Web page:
This past Tuesday, I attended Business and Food Blogging, presented by the Carroll School of Management Honors Program and cohosted by Spoon University and BC Dining Services. It featured a panel of four different women, best known for their Boston-based food Instagram accounts @bostonfoodies, @BostonFoodJournal, @Chocolateforbasil, and @princessgloriachinfeasts. I wanted to get their take on the changing restaurant industry, and how social media can help businesses expand their word of mouth and reach new customers.
Instagram is completely changing the way businesses, especially restaurants, attract new customers and gain popularity. Since Instagram’s creation, many accounts, especially food accounts, have sprung up and reached unfound levels of fame. New trends such as avocado toast, ramen burgers, and sushi burritos (sushirritos) fill our feeds and make us question whether we should snap a pic or take a bite first. A valid point that @bostonfoodies referenced was brought up in a telling Boston Globe article titled “Instagram is ruining food, and I might be the only one who cares.” Think of beef stew—it’s delicious, flavorful, and ages nicely. The main issue with beef stew does not have to do with its complex flavors, but rather the fact that it is not photogenic. After all, would we want a picture of bland-looking, monochromatic beef stew popping up on our feeds? The answer is no—we want beautifully topped pizzas, stacks of multi-flavored donuts, and the contrast of a broken egg yolk spilling over avocado toast.
Restaurants, bakeries, and coffee shops alike face these challenges of demanding consumers, who want and seemingly need photogenic food and photogenic atmospheres in order to dine out. Millenials, the ones posting these pictures in the first place, spend about 44% of food dollars eating out, which is more than any generation before. This is where key influencers come to play: they’re accessible to restaurants and PR firms, have an eye for visually appealing settings and food, and most importantly, they have thousands of followers made up of many picture-hungry and food-hungry millenials. Although they seemingly just post pictures, they play a large role in the success of eateries across the world.
Influencers and restaurants as a pair make the perfect team, constantly working hand in hand. Quite aware of these accounts’ publicity and popularity, restaurants will invite so-called “foodies” in for a free meal, in exchange for an Instagram. Sometimes restaurants don’t even have to ask, and pictures of food or interior settings that are “Instagrammable” will just show up on these feeds unannounced. This is just the start, though. A single post from any given popular foodie will garner thousands, if not hundreds of thousands, of impressions. With the ability to hashtag and geotag locations, these photos can reach even more people with the same given interests and searches. Restaurants now have the ability to target their exact audiences and naturally showcase their menu in a visual way. If a single post can influence 10 new people to try a restaurant, why not encourage more posts?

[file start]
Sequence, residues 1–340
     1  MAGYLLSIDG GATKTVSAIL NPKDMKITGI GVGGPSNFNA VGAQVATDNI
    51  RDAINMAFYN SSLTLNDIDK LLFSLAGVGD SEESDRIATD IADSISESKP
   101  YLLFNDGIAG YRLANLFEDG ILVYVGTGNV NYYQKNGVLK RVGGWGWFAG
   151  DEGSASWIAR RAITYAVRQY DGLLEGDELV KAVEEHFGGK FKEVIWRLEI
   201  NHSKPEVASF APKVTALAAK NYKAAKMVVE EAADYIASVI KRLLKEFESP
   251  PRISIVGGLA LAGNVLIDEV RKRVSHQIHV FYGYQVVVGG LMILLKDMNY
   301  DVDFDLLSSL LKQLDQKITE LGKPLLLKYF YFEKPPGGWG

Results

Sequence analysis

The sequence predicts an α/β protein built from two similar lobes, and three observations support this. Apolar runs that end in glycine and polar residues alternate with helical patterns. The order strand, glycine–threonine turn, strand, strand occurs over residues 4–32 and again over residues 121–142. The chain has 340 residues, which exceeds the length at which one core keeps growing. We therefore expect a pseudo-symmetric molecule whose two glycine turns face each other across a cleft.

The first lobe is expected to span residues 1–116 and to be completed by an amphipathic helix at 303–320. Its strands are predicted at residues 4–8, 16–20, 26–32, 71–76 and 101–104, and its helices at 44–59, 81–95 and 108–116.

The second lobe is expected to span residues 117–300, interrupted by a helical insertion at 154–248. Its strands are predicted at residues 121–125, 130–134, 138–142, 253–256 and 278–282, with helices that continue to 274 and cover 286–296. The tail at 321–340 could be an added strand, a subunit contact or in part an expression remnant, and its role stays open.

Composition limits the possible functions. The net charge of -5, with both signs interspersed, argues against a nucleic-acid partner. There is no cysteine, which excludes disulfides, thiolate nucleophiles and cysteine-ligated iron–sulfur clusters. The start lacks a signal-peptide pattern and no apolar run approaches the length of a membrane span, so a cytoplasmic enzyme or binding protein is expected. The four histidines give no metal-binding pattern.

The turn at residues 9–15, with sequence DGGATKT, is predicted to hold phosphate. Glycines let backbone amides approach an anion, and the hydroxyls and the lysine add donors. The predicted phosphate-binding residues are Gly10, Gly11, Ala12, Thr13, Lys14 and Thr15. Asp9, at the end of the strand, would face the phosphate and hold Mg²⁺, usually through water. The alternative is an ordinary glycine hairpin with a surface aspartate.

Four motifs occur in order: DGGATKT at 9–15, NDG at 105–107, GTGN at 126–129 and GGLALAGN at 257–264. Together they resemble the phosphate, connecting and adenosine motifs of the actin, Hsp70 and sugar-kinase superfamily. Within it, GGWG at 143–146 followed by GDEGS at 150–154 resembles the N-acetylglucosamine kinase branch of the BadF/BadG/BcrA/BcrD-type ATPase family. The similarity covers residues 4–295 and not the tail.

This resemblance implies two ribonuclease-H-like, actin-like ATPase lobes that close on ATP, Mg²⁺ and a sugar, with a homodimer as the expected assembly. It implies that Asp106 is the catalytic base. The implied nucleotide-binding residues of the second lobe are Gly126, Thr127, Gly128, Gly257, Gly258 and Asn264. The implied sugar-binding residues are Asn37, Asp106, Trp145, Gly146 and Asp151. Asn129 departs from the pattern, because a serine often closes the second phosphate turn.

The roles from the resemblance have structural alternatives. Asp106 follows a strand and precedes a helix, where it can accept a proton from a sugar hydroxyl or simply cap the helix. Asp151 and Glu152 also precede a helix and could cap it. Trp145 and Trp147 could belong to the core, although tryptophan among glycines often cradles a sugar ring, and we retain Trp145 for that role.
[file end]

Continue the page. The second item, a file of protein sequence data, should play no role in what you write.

Restaurants aren’t just trying to access followers of influencers, though. They’re trying to get the attention of the average user, too, so that they additionally post pictures of their food and interior design, which they can share with an even wider network. It’s crazy to think that one social platform could change the way restaurants and eateries are created, but the trend of finding out where and what to eat on Instagram is steadily rising. Instead of using a singular website, such as Yelp, to find restaurants in a given location, people search additionally, if not solely, on Instagram. Whatever pops up visually gets clicked on, taking users from a geotagged city to a geotagged restaurant to a popular foodie account for a given city to even more options. Users, including myself, can spend hours searching through endless pictures of mouth-watering food, brightly lit interiors, and signature designs that please the eye, sometimes even forgetting what they were looking for in the first place. Instagram is a powerful, free tool that restaurants and businesses alike can utilize, even to the extent of designing their business around the tool itself—also known as Instagram-centered design. Not only do chefs worry about the presentation of their plates, but now restaurateurs and interior designers concern themselves with how to design physical spaces in the hopes of being “Instagrammable.” Restaurants are starting to commission neon signs, unique murals, and specialized tiling—all with the purpose of being post-able and shareable.
With increased sharing, all four panelists at Business and Food Blogging argued that it’s most important to stay authentic in such a digital world. A question looming in the back of my mind as I scroll through pictures of food is this: has the new age of the food industry lost its touch with the most important aspect of all food—the taste?